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KR editions 19 to 21 - FTP

KR-19 FTP 

A little about FTP this time: 

FTP (File Transfer Protocol) 

Did you know that we have an inbuilt FTP feature in Mainframes TSO . 

Just go to option 6 (Enter TSO or Workstation commands). On the command line type: 

    FTP ip-address 

Where ip-address is the server you want to connect to. We have the same FTP feature in DOS also. The mainframe’s FTP feature can also be invoked thro JCLs. We’ll have to execute the FTP program: 


followed by the SYSIN card where you can specify all your FTP commands.

In the next edition we’ll take a look at what FTP is?


Hi everyone, 

A closer look at how servers server their clients (before that a little rhyme)

FTP, servers and clients 

File Transfer Protocol is a means of transferring files between 2 nodes (or 2 PCs on a network). Every PC in a network has an IP address. On every PC we also have something called as ports. The port identifies what sort of service the caller (i.e. the guest/client PC) wants from the receiver (i.e. the host/server PC). The host can provide a variety of services like Telnet, FTP, HTTP etc…. Now when the client connects to the server it’ll have to specify the IP address of the server (it is only through the IP address you can identify PCs on a network). But how will the server know what service the client wants? Or in other words how will the client request for a particular service from the server? To simplify this problem we have ‘ports’. They are basically a positive integer (generally a 16-bit number) which is mapped to particular services on the host machine.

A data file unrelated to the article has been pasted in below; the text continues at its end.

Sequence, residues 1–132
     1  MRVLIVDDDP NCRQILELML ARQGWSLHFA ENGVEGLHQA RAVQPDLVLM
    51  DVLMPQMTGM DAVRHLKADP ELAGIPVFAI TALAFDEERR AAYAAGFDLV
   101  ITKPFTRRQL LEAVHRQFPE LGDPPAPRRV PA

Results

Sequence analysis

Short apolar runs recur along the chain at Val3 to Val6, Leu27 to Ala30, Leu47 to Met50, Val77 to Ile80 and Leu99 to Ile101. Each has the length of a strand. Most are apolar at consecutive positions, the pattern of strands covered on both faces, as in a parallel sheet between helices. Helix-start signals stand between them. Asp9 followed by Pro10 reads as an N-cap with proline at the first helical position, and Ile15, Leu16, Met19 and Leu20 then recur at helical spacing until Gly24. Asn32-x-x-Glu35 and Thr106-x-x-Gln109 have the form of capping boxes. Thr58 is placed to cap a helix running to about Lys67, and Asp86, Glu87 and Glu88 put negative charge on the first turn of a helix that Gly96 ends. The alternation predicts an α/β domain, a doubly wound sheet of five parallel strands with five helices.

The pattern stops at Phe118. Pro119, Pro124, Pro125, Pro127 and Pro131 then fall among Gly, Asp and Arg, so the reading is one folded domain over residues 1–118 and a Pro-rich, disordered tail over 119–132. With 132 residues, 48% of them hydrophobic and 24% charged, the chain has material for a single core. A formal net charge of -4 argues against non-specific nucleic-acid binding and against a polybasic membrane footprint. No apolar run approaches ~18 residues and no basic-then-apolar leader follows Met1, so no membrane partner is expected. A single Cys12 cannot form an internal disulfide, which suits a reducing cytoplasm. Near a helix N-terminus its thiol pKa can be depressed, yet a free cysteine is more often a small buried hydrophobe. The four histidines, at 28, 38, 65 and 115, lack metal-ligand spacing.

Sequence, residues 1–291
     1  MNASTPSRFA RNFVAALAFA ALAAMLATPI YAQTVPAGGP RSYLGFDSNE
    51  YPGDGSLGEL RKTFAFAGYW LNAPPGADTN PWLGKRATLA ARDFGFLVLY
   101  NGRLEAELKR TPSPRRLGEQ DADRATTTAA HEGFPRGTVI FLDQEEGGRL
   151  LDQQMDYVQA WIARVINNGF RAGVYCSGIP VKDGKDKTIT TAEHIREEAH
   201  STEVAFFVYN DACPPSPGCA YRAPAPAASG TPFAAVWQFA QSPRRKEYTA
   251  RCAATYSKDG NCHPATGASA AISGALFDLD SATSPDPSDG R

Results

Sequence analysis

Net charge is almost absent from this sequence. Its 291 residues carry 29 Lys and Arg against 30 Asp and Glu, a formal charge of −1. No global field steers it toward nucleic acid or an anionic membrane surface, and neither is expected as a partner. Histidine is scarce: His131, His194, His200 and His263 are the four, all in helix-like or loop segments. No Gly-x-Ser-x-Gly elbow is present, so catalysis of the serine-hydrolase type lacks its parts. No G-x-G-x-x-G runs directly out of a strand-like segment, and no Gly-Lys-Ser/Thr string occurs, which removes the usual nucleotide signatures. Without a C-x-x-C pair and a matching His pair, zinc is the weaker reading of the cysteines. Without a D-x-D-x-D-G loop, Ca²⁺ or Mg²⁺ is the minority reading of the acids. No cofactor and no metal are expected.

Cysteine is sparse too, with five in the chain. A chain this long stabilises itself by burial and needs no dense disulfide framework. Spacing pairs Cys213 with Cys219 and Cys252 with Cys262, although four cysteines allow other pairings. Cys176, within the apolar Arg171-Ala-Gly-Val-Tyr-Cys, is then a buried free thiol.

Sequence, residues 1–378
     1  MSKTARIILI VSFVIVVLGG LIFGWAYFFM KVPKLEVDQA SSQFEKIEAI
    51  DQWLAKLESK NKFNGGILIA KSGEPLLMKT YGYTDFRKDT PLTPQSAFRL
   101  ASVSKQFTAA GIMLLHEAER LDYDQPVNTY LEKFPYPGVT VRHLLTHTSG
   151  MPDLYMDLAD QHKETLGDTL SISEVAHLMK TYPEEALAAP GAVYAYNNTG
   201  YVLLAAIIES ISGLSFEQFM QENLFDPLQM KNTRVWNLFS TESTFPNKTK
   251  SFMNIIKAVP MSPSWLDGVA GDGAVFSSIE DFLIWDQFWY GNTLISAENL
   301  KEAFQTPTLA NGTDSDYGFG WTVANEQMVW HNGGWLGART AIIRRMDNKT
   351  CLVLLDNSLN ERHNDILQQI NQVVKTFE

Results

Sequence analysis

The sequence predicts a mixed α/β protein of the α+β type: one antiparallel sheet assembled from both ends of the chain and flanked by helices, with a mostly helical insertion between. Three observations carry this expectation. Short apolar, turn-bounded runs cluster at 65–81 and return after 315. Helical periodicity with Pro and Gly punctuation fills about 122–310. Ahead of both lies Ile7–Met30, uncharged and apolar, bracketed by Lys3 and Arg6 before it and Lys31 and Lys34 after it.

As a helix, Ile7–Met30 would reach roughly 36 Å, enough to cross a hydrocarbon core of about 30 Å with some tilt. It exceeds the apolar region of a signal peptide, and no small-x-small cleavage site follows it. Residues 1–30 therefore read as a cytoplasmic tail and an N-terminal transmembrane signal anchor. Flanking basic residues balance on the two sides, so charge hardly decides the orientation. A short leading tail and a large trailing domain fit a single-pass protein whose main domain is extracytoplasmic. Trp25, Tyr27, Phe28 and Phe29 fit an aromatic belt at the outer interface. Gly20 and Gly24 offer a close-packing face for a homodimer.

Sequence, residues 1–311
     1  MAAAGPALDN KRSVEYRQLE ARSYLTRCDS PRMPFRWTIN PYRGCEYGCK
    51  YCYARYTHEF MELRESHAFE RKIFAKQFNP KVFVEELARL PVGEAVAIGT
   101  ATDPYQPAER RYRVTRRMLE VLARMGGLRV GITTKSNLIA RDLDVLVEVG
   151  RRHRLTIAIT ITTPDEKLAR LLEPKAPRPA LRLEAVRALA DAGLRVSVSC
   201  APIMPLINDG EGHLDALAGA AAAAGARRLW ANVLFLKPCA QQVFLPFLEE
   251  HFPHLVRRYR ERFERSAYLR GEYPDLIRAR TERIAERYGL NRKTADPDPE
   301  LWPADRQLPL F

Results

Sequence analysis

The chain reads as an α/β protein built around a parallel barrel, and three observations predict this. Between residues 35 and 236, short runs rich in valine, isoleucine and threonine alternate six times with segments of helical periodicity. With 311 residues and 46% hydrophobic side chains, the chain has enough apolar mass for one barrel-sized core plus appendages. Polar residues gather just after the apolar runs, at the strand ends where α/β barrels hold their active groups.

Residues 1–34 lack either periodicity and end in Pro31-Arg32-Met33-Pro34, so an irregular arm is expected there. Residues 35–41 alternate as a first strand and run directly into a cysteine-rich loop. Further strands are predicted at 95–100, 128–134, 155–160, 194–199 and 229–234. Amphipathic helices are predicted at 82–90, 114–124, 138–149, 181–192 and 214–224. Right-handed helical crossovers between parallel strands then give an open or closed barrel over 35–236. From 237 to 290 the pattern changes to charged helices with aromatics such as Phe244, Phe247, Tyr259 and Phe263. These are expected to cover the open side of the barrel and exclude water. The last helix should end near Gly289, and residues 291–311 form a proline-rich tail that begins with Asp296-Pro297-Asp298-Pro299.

So, when the client (or guest) wants to connect to a server, the client will use an IP address followed by the port number. So if you send a request as: 

xxxx.xxxx.xxxx.xxxx : yy 

(where xxxx denotes the IP address and yy denotes the port number). 

the server receives this request and checks the port number. If port number is 21 then it’s an FTP request; if it’s 80 it’s a HTTP request (this is used to deliver webpages to the client) and so on…. 


This is the last edition regarding basics of FTP. 

Have you ever wondered how a server can provide service to multiple clients at a time (and also provide different services)?

The host machine (the server) needs to have a program continuously running to monitor what requestsit receives. This is called the daemon. This program will receive requests and depending on the port number received it will invoke other progams to handle those requests (if 2 clients ask for the same service at the same time, then the daemon will invoke 2 instances of the same program to provide that service). If it’s port number 21 then the daemon will call the FTP program and ask it to handle the request. 

Some basic commands in FTP: 

FTP is a little like DOS. Once you connect into an FTP server you can navigate thro the server’s PC just like you would navigate on your own PC. 

cd dir-name 

        will take you to the directory specified by dir-name in the host 

cd .. 

        will take you to the parent directory (on the host machine) 


        will take you to the root directory (on the host machine) 

put local-file host-file-name 

        will copy the local-file to the server and name it as host-file-name 

get host-file local-file-name 

        does the reverse operation of put (get from server into our system) 


        lists the contents of the current directory 

lcd dir-name 

       change the directory on the local system (i.e. on client/our system)

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